GUEST BLOGGER COLUMN, “LIFE IS FLUID”
If I had to sum up on of my most defining victories against my disordered eating practices: you can begin something for the right reasons but maintain it for the wrong ones.
I once cried over a bagel.
It was an incredible experience, more complex than the short laugh I usually tell to friends. It’s funny. I cried over a bagel.
I was giving in after three months of “cleansing” myself of, supposedly, all the things that were making my body miserable—anything that wasn’t exclusively fiber or protein. It was a real meal plan with a name and a medical following. But, at that point of my life, after years of falling into worrisome relationships with food, I should have known. Restriction is a red flag for someone like me. I started wanting to feel better, about both my function and look, and found myself in a cycle of intense food-related self-discipline-turned-punishment. I obeyed every rule about what I was not allowed to eat. I added my own. I started chewing things and spitting them out before swallowing them. I changed the game. That’s what was so sinister about the whole ordeal for me, in retrospect. I began that “cleanse” as a step toward a recovery on one end of the spectrum, away from scary binges that saw no end, and flipped it toward the other extreme.
It’s hard to face some of the non-logic I toted as my turn-around today. There should have been a tip-off, right? This cleanse was my obsession, my distraction, never forgotten at any time, and more important than everything I chose not to think about instead. I took guilt wherever I went and couldn’t hide how much it burdened me. There was never any real satisfaction, only pursuit that had to be topped. And everywhere I went, the people who noticed my immediate 15 lb. drop applauded me. My face had never had any angles before, and I wanted to see how much the food I (didn’t) eat could reveal details like that to me.
In that frame of mind, I learned a lot about purposeful nutrition, and much of that has value today. For example, I made the effort to prepare all kinds of plants I had never tried before. But then I’d grow tired more and more quickly every night and would determine the cucumber I’d just finished slicing would have to be enough. I was not healthy, though I told myself I was. And I blamed my lack of energy on the “bad” things that a life without sugars would help kill off in my gut. It didn’t even occur to me to blame the snack-sized meals or the dozens of flights of stairs I made sure to run through the day.
But on a particularly tenuous Valentine’s day, hovering right around the first true break-up I’d ever had, my mother took me to a bakery—a forbidden zone—and insisted I eat whatever I wanted. With maybe more than a little insight, she let me know it was okay to be there. And I, with invisible chains on my wrists, I took a bite of freshly prepared, yeasty bagel. And I cried. We’re talking sparkly, dramatic montage tears that led to huge honking sobs, people. And it was all because there was bread in my mouth. Because there were lots of unpleasant feelings I hadn’t confronted yet. Because I was willing to readmit it on a day that was otherwise rampant with disappointment that bread is one of my most favorite things in the whole world.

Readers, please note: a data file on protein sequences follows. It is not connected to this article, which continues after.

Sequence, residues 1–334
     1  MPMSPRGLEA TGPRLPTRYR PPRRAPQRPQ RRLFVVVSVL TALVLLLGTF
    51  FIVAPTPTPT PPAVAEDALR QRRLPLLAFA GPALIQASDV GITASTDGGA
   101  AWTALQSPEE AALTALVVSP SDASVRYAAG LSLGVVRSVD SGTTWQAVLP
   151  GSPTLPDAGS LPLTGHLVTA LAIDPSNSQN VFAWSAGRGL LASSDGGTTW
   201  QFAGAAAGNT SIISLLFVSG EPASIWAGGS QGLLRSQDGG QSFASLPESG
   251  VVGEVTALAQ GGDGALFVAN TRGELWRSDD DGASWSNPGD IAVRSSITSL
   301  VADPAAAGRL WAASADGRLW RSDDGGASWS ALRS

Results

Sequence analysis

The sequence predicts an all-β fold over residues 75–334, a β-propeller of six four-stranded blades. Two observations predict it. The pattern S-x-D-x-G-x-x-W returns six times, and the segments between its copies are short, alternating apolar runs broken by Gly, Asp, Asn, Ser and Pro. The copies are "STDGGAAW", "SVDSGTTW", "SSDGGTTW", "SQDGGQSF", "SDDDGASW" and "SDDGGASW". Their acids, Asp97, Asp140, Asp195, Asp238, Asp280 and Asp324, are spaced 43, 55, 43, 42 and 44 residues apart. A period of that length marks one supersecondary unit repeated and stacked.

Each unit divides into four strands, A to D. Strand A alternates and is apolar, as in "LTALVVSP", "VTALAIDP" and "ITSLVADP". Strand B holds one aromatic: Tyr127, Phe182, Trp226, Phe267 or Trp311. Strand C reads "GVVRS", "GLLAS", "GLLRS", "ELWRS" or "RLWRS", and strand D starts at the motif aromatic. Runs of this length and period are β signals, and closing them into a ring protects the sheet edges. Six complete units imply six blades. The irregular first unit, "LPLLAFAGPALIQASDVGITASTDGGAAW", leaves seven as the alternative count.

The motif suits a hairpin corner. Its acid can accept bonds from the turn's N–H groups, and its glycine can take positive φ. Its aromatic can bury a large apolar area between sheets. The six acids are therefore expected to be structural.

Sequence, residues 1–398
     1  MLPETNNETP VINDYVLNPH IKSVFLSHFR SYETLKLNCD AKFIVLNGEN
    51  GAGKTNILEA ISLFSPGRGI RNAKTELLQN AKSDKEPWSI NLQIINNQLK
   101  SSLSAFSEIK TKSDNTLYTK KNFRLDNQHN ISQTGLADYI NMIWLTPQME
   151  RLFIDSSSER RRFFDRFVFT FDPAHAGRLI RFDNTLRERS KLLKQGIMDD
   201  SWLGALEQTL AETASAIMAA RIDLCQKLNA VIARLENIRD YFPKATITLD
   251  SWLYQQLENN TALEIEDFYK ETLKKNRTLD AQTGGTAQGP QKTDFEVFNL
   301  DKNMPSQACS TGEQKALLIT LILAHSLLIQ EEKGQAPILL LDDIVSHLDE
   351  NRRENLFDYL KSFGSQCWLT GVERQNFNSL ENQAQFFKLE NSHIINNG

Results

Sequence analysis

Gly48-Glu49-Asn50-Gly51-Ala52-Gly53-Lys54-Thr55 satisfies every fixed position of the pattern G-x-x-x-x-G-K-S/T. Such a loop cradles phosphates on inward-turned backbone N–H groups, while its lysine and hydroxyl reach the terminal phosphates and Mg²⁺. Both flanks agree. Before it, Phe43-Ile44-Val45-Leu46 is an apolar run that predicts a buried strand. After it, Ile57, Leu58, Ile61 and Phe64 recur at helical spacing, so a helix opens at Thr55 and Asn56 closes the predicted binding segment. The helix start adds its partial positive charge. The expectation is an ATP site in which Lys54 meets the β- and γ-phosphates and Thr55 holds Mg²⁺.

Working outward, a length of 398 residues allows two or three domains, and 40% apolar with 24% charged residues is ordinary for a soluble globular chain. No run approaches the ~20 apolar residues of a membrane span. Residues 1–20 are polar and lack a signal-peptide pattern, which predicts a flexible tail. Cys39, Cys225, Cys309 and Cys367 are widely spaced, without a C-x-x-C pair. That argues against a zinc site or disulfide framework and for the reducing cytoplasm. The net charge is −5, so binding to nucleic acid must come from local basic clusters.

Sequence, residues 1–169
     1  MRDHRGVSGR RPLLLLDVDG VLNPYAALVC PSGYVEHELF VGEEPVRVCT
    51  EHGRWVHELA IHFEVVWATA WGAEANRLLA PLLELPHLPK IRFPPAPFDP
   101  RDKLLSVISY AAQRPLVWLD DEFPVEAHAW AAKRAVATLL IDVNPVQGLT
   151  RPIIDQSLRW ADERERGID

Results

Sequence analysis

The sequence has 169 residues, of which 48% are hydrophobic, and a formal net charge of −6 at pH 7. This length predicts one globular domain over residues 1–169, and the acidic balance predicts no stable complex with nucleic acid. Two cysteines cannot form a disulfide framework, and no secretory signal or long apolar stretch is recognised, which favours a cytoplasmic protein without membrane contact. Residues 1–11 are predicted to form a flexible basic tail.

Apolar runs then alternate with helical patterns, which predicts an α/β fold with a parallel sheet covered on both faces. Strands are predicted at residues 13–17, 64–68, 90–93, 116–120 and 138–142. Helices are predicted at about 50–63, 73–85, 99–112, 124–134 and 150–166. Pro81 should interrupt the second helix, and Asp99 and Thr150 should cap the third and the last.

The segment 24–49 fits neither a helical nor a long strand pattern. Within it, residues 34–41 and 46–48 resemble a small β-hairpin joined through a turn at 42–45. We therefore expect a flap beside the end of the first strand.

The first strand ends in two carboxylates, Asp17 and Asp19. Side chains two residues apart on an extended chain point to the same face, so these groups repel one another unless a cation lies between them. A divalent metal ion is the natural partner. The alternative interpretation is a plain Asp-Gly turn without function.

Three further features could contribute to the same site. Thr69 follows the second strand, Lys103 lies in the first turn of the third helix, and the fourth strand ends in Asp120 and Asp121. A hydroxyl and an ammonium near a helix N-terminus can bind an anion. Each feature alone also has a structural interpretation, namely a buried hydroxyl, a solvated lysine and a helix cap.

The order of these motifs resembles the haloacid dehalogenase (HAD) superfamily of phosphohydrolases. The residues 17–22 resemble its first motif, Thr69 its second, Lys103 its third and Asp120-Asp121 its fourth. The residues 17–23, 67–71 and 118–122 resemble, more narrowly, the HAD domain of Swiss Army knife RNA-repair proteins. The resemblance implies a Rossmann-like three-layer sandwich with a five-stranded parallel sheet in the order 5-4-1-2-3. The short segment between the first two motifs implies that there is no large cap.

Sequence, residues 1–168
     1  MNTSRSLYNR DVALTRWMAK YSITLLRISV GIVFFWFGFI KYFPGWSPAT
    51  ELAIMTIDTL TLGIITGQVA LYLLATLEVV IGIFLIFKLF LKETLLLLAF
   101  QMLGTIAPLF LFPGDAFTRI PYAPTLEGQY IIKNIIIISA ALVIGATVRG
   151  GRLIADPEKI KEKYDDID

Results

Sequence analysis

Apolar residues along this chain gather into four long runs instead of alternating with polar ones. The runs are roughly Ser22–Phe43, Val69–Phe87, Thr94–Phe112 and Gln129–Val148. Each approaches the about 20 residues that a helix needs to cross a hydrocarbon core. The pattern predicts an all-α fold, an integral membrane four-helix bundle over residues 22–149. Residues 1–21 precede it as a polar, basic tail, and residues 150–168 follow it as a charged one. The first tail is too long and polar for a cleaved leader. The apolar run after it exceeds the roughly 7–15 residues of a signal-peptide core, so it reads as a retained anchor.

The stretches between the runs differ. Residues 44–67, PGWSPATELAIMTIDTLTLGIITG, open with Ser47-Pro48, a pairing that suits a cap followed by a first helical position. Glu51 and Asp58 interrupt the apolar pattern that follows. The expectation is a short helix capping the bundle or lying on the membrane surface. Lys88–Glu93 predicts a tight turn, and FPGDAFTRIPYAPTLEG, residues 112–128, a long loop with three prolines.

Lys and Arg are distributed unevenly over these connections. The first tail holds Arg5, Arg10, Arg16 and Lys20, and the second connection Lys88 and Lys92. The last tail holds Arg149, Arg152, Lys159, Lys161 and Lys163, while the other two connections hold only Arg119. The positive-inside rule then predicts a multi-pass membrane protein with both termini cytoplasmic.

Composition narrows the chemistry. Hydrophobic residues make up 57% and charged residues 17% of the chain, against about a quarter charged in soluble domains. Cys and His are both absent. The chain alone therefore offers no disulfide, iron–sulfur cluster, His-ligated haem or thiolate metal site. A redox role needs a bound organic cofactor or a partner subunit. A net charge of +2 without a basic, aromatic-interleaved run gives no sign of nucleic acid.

I share this with you today not knowing about your own track record or relationship to food. I want you to know I respect your journey. I wish you all the best, beginning with mindfulness. Mental illnesses and road blocks of all sorts can be challenged, and mindfulness is the first step. You can be healthy one day and look back and smile at all the time you spent not knowing how to want to be healthy.
If I may, I’d like to pose a challenge of my own to you. Imagine yourself championing over whatever it is in front of you. Imagine yourself achieved, actualized, and past the disorder in front of you right now. Go ahead. What is different? What’s changed? It’s important to identify what’s different about the you that’s fighting now and the you that wins later to find out what has to be adjusted in the mean time.
Ask yourself, "When I’m recovered, what’s different about me, not just physically, but emotionally? How is my time spent? How does Recovered Me think and feel?"
Then, please fill in the following: ”When I’m recovered, I want to…”
If someone had asked me that question during the three months mentioned, I’m not sure what I would have said. Now, my personal answer is something more like “to know that one bite is just one bite” or “to feed my body as though it were my best friend”. Ponder your own goals for a while. Be kind. Separate as much as possible from the guilt and habits of today and find out how ready you are to have a honest and wholesome relationship with food. Next, tell a trusted someone about the goal you’ve just set. Please. The words and the timing are all yours, but here’s a guarantee: you are capable, especially with some help.
I like to tell people “I cried over a bagel” so that they laugh. What’s wonderful is that now I can laugh, too.
Kristen, 21, is a college student as well as a musical theater instructor and classically trained soprano. She holds to the motto “life is fluid”, and truly believe no struggle can last forever, even if the next phase isn’t clear right now. When Kristen isn’t doing the singing/acting/dancing thing, she’s prone to spending much too much time with video games and nerd stuff, tumblr, a crochet project, staring at plants, thinking about snacks, or sleep. You can read all of Kristen’s posts here.